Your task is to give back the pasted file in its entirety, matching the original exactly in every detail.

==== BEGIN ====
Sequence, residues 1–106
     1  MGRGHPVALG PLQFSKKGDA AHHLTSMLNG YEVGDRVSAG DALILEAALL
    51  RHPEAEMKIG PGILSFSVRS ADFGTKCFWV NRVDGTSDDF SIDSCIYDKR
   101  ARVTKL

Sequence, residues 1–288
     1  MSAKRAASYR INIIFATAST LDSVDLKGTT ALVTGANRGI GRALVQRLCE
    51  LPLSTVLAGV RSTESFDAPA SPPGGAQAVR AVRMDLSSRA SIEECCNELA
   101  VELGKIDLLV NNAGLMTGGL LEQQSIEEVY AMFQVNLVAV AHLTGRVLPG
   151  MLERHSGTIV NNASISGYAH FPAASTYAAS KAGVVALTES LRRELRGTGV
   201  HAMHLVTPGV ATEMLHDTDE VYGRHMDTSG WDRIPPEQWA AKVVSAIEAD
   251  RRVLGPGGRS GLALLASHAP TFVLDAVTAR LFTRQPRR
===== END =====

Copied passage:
Sequence, residues 1–106
     1  MGRGHPVALG PLQFSKKGDA AHHLTSMLNG YEVGDRVSAG DALILEAALL
    51  RHPEAEMKIG PGILSFSVRS ADFGTKCFWV NRVDGTSDDF SIDSCIYDKR
   101  ARVTKL

Sequence, residues 1–288
     1  MSAKRAASYR INIIFATAST LDSVDLKGTT ALVTGANRGI GRALVQRLCE
    51  LPLSTVLAGV RSTESFDAPA SPPGGAQAVR AVRMDLSSRA SIEECCNELA
   101  VELGKIDLLV NNAGLMTGGL LEQQSIEEVY AMFQVNLVAV AHLTGRVLPG
   151  MLERHSGTIV NNASISGYAH FPAASTYAAS KAGVVALTES LRRELRGTGV
   201  HAMHLVTPGV ATEMLHDTDE VYGRHMDTSG WDRIPPEQWA AKVVSAIEAD
   251  RRVLGPGGRS GLALLASHAP TFVLDAVTAR LFTRQPRR